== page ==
Late gastrointestinal toxicity after radiation for prostate cancer

Authors

  • Sharon H. Giordano MD, MPH,

    Corresponding author
    1. Department of Breast Medical Oncology, University of Texas M. D. Anderson Cancer Center, Houston, Texas
    • Department of Breast Medical Oncology, The University of Texas M. D. Anderson Cancer Center, 1515 Holcombe Blvd., Box 424, Houston, TX 77030
    Search for more papers by this author
    • Fax: (713) 794-4385.

  • Andrew Lee MD, MPH,

    1. Department of Radiation Oncology, University of Texas M. D. Anderson Cancer Center, Houston, Texas
    Search for more papers by this author
  • Yong-Fang Kuo PhD,

    1. Sealy Center on Aging, Department of Internal Medicine, University of Texas Medical Branch at Galveston, Galveston, Texas
    Search for more papers by this author
  • Jean Freeman PhD,

    1. Sealy Center on Aging, Department of Internal Medicine, University of Texas Medical Branch at Galveston, Galveston, Texas
    Search for more papers by this author
  • James S. Goodwin MD

    1. Sealy Center on Aging, Department of Internal Medicine, University of Texas Medical Branch at Galveston, Galveston, Texas
    Search for more papers by this author

Abstract

BACKGROUND.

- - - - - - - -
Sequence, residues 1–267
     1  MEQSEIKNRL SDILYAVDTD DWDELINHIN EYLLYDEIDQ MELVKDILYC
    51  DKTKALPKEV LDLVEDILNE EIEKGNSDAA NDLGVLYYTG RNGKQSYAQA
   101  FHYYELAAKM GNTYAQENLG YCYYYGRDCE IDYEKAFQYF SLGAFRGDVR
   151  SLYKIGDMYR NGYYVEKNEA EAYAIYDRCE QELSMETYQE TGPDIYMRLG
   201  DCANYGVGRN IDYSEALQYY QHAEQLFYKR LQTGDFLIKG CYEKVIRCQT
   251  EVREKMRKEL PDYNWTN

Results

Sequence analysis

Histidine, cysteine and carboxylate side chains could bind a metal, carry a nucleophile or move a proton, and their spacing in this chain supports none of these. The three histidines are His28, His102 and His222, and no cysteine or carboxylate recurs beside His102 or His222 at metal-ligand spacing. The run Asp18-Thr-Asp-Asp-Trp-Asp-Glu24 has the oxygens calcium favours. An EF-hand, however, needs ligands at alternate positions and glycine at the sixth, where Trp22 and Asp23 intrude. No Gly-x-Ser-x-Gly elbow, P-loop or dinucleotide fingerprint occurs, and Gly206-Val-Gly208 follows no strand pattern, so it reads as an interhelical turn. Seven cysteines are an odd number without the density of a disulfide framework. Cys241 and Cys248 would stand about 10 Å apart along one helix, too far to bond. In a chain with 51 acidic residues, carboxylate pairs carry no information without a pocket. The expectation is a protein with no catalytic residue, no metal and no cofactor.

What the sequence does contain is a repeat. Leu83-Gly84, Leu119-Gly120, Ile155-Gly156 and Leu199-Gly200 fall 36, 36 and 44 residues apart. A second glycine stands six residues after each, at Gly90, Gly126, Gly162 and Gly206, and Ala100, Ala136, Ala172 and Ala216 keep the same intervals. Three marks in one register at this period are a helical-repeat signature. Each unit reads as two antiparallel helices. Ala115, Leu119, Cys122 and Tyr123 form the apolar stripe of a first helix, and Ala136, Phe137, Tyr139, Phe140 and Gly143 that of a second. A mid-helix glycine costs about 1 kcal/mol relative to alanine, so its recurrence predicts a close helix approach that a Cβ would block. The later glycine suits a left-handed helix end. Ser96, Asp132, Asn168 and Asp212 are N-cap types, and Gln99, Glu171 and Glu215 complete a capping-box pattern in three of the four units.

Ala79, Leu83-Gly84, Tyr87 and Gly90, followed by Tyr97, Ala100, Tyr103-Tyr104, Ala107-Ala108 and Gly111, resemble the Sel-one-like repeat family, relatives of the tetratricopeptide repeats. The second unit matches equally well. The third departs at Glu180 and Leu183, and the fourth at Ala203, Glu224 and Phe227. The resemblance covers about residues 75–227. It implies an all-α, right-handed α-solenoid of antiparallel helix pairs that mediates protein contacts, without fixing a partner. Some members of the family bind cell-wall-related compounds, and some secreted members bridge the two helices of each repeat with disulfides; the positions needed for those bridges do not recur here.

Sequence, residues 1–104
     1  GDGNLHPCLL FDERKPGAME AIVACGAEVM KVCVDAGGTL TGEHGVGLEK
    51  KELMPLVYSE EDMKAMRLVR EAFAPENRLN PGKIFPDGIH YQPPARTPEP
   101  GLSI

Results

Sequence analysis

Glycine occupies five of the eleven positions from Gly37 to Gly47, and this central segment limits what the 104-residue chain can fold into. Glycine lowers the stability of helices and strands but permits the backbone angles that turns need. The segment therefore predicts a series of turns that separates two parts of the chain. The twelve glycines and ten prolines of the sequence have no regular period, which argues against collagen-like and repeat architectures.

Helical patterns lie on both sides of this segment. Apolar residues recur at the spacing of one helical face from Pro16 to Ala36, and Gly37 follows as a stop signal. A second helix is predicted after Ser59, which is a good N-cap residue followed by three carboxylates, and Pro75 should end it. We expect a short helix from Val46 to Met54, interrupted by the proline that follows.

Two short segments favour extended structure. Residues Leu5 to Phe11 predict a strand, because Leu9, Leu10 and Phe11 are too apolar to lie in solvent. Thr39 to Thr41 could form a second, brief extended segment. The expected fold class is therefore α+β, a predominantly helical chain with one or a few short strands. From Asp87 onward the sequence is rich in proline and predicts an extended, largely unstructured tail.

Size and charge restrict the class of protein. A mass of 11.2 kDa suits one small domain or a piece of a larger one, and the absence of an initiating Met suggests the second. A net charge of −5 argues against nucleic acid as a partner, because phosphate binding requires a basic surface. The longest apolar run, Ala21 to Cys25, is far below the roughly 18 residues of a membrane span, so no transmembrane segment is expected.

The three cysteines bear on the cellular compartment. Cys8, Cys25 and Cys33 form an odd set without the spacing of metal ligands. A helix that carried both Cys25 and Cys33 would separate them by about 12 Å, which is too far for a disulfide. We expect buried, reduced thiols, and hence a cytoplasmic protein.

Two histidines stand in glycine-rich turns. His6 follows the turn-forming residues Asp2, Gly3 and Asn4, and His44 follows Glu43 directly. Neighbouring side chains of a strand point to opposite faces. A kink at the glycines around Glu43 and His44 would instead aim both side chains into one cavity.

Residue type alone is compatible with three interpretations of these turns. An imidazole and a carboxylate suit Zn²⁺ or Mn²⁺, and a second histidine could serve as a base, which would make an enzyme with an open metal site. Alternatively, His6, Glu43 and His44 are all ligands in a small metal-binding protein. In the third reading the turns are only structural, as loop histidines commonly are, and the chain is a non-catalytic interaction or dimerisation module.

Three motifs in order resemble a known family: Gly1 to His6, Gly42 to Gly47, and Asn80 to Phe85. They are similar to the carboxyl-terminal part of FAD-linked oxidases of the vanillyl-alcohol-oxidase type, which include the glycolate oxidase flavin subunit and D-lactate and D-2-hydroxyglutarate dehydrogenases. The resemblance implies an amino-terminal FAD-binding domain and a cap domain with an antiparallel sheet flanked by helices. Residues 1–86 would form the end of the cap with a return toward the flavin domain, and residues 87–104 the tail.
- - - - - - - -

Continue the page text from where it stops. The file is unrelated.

The current study was designed to determine rates and predictors of late, lower gastrointestinal toxicity after radiation therapy in a population-based cohort of older men with prostate cancer.

METHODS.

The study population consisted of men with localized or regional stage prostate cancer who were age ≥66 years and were diagnosed between 1992 and 1999 who were identified in the Surveillance, Epidemiology, and End Results (SEER)-Medicare database. Gastrointestinal diagnoses were ascertained through claims from 6 to 60 months after diagnosis. The relative rates of diagnoses in the radiation group versus the nonradiation group were used as a means of estimating toxicity from radiotherapy. Cox modeling was used to determine factors associated with gastrointestinal diagnoses.

RESULTS.

A total of 57,955 men were included, 24,130 of whom were treated with radiation therapy. Among patients with 5 years of follow-up, the rates of gastrointestinal diagnoses were 19.4% higher in irradiated patients than among patients who did not have local therapy. Hemorrhage was the most common diagnosis, and was increased by 18.9% among patients treated with radiation (39.6% of irradiated patients vs. comparison rates of 18.2% in patients treated with radical prostatectomy and 20.7% in patients with no local therapy). Diagnostic lower endoscopies were performed in an additional 20.9% of men (32.4% of men treated with radiation vs. 12.7% of men who underwent prostatectomy). In all, 4.4% of irradiated men were hospitalized with a gastrointestinal diagnosis versus comparison rates of 3.2% among men with no local therapy. In multivariate models, increasing patient age, hormonal therapy, comorbidity, diabetes, peripheral vascular disease, and hemorrhoids were all associated with gastrointestinal diagnoses consistent with toxicity, whereas tumor stage and grade were not predictors.

CONCLUSIONS.

Lower gastrointestinal toxicity after radiation therapy for prostate cancer continues for at least 5 years and may be more common than previously reported. Cancer 2006. © 2006 American Cancer Society.

Ancillary